About two weeks ago I began to think that if I couldn’t blog about something in my life at least once a week than two conclusions could be drawn:
- I have no business writing a blog.
- My life is not very interesting.
Since I slaved away at an English degree, I figure I’ve at least earned number one for a substantial grace period. Number two, however, has turned into a simple case of “be careful what you wish for.”
My wife, Katelyn, on her birthday, wanted to get away from the fuss of the city and head to Berrien Springs for some camping, fishing and wine tasting. We ignored our phones for much the blissful day and half, and I began to think about how crippling our digital world has become; relying on our smartphones, living out our days through DVR’s, PS3’s, iPads, Netflix and Facebook.
Knee deep in the rushing St. Joseph River, throwing out a few dozen yards of fishing line, we openly discussed how “real” life is far from real anymore and how the tangible experience of enjoying the outdoors has drifted off into digital obsolescence. We talked about how we should get outdoors more. Hike. Fish. Kayak. “We don’t need all this stuff,” we said.
Someone was listening.
And they were glad to oblige us.
“At 11:30 p.m., on the evening of June, 11, 2012, James and Katelyn Curtis arrived at their residence on the northwest side of Lansing, MI, after leaving the premises vacant for a period of 37 hours,” said James Curtis, private investigator hired by the victims. “Upon arriving home, they discovered the rear sliding glass door open. After a hurried inventory of the home, it was determined that the victims were relieved of two LCD tvs; a Macbook Pro; Playstation 3 console, controllers, cables and games; computer speakers; digital keyboard workstation; netbook; non-functioning iPhone 4; and power strip.”
“It was soon determined,” Curtis continued, “that the burglars had entered by forcing open a window in the rear of the home, and that something had startled them–two guitars rested against the back of the house, apparently left behind. Police arrived on the scene immediately and are actively investigating the incident.”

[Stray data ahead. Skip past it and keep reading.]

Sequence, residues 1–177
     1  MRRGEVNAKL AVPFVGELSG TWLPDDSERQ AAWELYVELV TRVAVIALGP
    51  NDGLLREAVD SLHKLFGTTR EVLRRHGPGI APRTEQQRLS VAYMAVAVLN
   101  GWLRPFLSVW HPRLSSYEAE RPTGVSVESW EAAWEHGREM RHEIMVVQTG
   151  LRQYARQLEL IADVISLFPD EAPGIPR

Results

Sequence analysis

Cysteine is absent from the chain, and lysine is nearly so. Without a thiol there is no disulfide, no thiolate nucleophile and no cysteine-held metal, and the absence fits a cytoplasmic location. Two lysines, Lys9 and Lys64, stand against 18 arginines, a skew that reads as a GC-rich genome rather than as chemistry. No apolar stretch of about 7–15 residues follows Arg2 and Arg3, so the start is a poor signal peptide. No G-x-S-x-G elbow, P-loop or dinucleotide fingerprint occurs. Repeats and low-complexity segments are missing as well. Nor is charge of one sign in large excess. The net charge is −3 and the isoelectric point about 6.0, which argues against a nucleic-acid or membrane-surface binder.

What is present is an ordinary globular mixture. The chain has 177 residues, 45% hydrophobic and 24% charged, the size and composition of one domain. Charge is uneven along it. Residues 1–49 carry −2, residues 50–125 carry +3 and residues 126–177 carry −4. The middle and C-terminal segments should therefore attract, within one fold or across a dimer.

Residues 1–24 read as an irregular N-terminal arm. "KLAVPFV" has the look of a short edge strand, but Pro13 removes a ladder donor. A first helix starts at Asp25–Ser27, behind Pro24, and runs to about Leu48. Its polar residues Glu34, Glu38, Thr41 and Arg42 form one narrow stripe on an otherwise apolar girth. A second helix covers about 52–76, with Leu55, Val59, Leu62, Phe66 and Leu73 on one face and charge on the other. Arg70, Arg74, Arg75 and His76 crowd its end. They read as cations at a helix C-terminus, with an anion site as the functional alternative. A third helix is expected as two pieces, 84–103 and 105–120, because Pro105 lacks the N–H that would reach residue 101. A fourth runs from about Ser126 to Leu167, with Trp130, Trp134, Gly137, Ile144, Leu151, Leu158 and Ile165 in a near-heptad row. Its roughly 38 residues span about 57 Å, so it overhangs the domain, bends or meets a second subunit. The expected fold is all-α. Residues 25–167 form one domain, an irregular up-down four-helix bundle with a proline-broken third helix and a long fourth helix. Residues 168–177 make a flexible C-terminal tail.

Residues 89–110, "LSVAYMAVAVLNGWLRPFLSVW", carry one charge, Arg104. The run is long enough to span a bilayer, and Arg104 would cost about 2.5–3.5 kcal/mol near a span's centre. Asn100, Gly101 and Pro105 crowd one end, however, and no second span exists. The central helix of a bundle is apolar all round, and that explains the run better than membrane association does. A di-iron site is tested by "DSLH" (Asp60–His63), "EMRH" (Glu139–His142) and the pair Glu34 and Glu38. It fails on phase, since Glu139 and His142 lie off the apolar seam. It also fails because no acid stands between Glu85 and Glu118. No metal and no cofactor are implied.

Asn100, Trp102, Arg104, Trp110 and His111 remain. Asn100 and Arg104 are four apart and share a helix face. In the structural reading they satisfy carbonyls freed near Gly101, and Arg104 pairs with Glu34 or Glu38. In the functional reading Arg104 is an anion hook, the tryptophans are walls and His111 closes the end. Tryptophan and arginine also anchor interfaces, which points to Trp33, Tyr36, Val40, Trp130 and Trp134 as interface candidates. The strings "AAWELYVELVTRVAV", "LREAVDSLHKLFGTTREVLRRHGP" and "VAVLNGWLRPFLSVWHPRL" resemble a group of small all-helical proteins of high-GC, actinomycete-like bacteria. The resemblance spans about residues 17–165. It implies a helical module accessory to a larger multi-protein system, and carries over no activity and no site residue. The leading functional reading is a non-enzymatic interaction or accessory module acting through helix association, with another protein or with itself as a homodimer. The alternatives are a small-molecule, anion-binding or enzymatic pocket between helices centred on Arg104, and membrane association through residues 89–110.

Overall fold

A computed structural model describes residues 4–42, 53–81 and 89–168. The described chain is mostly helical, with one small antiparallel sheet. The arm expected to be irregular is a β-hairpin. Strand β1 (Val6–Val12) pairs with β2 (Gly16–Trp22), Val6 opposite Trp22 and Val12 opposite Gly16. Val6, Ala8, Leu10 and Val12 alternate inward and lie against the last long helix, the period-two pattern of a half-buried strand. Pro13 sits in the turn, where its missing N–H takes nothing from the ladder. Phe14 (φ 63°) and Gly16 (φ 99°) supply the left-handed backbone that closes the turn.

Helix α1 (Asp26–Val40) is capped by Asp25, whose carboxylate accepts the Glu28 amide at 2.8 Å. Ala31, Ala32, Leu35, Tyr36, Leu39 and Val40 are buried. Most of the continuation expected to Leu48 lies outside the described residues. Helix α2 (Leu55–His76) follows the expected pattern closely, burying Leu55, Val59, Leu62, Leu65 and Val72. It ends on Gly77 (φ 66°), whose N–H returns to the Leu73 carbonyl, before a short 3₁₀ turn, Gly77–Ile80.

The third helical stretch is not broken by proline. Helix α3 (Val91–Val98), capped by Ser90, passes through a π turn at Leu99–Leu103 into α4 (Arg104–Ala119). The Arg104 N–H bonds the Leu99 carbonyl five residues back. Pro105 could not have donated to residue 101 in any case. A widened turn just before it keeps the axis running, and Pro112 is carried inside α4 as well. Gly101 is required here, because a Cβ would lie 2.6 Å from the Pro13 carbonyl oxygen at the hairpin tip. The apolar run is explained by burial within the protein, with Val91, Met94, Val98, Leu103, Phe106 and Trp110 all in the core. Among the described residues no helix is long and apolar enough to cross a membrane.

That should sum it up. Thanks, James Curtis, P.I.–only, it doesn’t.
That was nine days ago. Or more appropriately, eight sleepless nights ago.
Robbed. What a powerful word. It evokes entitlement. It connotes possession. What once was there is there no longer. Empty. We have not been robbed of our possessions. What has been stolen from us is our home. The haven of safety. The very definition of security.
Was that the ice maker in the fridge? Honey, the motion light went on. Is that the dog getting water? Leave that light on tonight. Did I lock all the doors? Did we move that in the backyard? The war against shadows has begun–and we’re losing.
And yet, here I sit, on an old laptop they managed to overlook–or maybe ignored. I fished out a power cord for it that I haven’t seen in nearly a year. I have no punching bag or boxing gloves to speak of, so the anger I’ve come to feel is being relieved through punching these keys.
Anger. That’s what we’re left with. Knee-jerk reaction is to move–pull up anchor and move on to the next port–but there is no safe place. Safer? Maybe. Safe? Never. No, we’re digging in. Adapting. Channeling our anger into production.
I would tell you all the details of the measures we’ve taken to help ensure our safety, but our hired Private Eye has advised to keep them private. Apparently the internet can be a very revealing place. Who knew?
No, what I really want to talk about, and I realize it’s way way down deep in this post, is what we, as victims, can do to help bring our enemies to justice. How can we help ourselves? I’m not interested in the best kinds of home defense systems. I’m not interested in prevention. We’re past that now. Many others are past that point. And not just robberies. People do terrible things to terrible people. How many people are legally eligible and able to hunt these criminals? It’s unfair to place the entire burden of bringing criminals to justice solely on the shoulders of law enforcement. They’re outnumbered.
Complacency is the mother of injustice. It breeds opportunity: “The only thing necessary for the triumph of evil is for good men to do nothing.”
I’m entertaining many possibilities, always short of vigilante justice. I have no superpowers to speak of, other than perhaps being exceptionally long-winded. One group I have come across that I find interesting is the Crime Stoppers of Mid-Michigan. Their mission is to help solve crimes by rewarding $1,000 to those who provide tips that lead to an arrest. The more I read, the more I’m interested in becoming a part of this group–or perhaps give a small donation.
I want to start throwing some ideas around, but I also want to hear your stories. What happened to you? How did you cope? How did you help authorities? I think we can find some answers and catharsis together.
Finally, I typically do not do this, but I’m sending out an end-of-post plea for my readers to send this post and blog on to whomever you feel could benefit from it, provide beneficial information to, or just simply to create awareness. It’s scary out there, people, and we’ve got to keep our human connections alive–not just our digital ones.